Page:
Barefoot on Bondi: Meghan cradles her baby bump on Sydney beach and wears £880 maxi dress before she and Harry kick off their shoes to join an 'anti-bad vibes circle' with surfing mental health group
- The Duke and Duchess of Sussex continued on their royal roadshow of Australia today as they visited Sydney
- City became the latest to be gripped by 'Meg-Mania' as Prince Harry and his pregnant wife thrilled royal fans
- Harry and Meghan, cradling her baby bump, arrived at the world famous Bondi Beach first thing this morning
- They sat on the sand and spoke openly about their mental health during an 'anti-bad vibes circle' with surfers
- Couple then spoke to pupils at a nearby school about equality where Meghan discussed her own upbringing
- Prince Harry then went solo to scramble up Harbour Bridge alongside competitors from the Invictus Games
- In their final engagements on Friday, the couple met the Prime Minister and the leader of the opposition
By Rebecca English, Royal Correspondent, In Sydney For The Daily Mail and Stephen Gibbs and Max Margan and Nic White For Daily Mail Australia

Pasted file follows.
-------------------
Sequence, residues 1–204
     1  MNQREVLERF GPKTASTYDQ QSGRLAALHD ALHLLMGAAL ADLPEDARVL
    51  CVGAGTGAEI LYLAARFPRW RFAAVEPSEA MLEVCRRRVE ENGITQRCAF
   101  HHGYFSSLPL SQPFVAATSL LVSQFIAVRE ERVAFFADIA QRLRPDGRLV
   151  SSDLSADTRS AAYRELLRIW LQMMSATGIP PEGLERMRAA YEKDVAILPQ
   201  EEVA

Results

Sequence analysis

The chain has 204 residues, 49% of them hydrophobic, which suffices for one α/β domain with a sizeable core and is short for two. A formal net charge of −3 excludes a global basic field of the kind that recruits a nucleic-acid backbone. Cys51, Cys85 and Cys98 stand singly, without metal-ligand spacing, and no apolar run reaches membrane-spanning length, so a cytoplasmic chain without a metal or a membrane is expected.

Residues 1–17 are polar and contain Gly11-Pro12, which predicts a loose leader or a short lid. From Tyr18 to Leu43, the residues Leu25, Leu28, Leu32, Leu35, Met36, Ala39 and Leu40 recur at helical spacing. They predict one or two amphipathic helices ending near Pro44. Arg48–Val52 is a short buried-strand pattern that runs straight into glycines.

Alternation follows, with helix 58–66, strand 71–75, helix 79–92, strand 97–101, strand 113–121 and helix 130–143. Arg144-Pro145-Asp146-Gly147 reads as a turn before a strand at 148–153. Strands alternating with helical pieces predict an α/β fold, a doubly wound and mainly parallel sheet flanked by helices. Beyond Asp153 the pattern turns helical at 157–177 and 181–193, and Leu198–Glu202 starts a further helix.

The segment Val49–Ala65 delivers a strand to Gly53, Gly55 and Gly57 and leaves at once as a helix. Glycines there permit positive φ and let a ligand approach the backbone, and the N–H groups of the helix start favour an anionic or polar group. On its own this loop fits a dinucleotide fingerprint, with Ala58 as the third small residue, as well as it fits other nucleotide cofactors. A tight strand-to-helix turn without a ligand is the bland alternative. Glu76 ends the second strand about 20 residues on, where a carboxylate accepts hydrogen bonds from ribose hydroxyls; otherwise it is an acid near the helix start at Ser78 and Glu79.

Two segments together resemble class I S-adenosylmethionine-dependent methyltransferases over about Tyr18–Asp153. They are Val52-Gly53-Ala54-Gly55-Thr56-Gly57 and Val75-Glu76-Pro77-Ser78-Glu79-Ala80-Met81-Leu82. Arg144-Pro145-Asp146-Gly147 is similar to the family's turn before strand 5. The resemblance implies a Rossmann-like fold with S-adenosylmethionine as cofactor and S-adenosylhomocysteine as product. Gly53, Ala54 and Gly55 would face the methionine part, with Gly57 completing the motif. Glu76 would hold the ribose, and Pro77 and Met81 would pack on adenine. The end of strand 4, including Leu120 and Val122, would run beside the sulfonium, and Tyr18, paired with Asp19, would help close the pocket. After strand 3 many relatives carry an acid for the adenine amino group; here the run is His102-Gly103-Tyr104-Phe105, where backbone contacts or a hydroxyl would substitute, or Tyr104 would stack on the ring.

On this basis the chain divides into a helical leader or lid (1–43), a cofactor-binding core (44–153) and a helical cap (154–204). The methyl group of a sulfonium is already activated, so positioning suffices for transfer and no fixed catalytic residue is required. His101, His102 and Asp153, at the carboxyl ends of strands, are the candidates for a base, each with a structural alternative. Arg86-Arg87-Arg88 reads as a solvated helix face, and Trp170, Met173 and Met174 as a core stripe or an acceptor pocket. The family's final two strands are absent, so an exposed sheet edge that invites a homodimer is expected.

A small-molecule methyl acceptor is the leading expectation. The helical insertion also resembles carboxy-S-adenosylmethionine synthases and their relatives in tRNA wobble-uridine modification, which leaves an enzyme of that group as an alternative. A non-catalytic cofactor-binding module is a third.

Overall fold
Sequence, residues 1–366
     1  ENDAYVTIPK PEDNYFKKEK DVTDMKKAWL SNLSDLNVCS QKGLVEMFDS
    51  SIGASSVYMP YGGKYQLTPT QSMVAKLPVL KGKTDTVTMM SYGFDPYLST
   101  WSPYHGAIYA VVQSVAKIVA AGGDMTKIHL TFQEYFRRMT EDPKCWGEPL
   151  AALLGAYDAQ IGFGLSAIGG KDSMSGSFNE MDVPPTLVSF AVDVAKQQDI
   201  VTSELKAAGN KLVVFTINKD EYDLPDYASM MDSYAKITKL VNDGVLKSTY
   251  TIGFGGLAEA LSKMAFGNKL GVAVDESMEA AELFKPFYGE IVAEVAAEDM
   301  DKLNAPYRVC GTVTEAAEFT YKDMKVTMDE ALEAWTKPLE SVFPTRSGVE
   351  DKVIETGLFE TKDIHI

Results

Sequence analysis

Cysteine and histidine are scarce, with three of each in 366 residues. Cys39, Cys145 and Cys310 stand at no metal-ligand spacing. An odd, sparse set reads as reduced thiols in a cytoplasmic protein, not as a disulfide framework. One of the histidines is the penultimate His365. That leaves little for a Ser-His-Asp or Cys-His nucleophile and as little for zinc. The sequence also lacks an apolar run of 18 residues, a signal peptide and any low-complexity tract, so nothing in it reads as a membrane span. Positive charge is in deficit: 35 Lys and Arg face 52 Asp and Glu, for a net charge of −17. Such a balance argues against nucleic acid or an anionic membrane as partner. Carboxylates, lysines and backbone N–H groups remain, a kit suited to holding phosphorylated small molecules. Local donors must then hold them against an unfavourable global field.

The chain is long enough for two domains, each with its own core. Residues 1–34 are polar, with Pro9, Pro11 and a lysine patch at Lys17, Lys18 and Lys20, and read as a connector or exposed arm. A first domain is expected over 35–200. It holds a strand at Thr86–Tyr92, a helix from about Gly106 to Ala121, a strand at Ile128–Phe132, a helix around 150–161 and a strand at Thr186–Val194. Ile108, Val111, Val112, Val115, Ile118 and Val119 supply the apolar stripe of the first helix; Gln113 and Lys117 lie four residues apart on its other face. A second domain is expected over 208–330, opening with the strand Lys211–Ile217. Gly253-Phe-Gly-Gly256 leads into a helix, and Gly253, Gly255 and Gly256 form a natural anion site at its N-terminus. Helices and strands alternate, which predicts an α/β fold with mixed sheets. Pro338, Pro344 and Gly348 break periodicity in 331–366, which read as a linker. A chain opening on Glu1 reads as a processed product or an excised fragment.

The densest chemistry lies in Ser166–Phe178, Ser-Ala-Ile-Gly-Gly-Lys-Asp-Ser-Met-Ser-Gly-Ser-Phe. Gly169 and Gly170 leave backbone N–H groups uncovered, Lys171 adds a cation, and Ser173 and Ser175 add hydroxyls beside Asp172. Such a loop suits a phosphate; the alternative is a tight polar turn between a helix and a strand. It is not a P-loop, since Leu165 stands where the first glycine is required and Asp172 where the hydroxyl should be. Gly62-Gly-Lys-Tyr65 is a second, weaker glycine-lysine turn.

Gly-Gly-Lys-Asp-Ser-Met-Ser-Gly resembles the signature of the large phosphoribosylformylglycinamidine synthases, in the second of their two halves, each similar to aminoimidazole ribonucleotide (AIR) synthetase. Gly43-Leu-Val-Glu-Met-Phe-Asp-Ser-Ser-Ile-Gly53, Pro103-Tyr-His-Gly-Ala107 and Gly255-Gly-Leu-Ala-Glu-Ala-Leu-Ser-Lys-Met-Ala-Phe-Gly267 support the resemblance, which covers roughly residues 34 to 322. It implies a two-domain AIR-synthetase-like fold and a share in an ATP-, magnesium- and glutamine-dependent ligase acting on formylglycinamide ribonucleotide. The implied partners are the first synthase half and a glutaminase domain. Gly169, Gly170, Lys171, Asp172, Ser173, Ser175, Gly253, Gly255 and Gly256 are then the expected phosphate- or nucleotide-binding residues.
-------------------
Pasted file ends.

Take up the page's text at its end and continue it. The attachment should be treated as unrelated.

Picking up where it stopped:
Published: 17:06 EDT, 18 October 2018 | Updated: 07:16 EDT, 19 October 2018
Harry and Meghan visited some of Sydney's most iconic sights today as they kicked off their shoes and took part in an 'anti-bad vibes circle' on Bondi beach before the prince scaled Harbour Bridge.
The city, which has been gripped by 'Meg-Mania', was filled with thousands of royal fans as the Duke of Sussex and his pregnant wife travelled back east from Melbourne to kick off the fourth day of their tour Down Under.
Harry and Meghan, who cradled her baby bump in an £880 (AUD$1,615, USD$1,148) maxi-dress, arrived at Sydney's famous Bondi Beach first thing in the morning, joining the OneWave group to discuss mental health on the iconic stretch of sand.
During the session, Meghan spoke candidly about her pregnancy, telling another expectant mother that it felt 'rather like jet lag', while Harry was praised for his openness about his mental health battles.
Harry kicked off his shoes as soon as he hit the Bondi sand, before his beaming wife, wearing a dress by Australian designer Martin Grant, followed suit and unstrapped her heeled wedges.
The royal couple then spoke to children at a nearby school about equality, where a proud and passionate Meghan told students how her upbringing and first job 'taking out the trash' had made her the person she is today.
The duchess was then given the afternoon off as Harry scrambled up Harbour Bridge with competitors from the Invictus Games, an international sporting event for wounded or sick armed forces veterans created by the prince.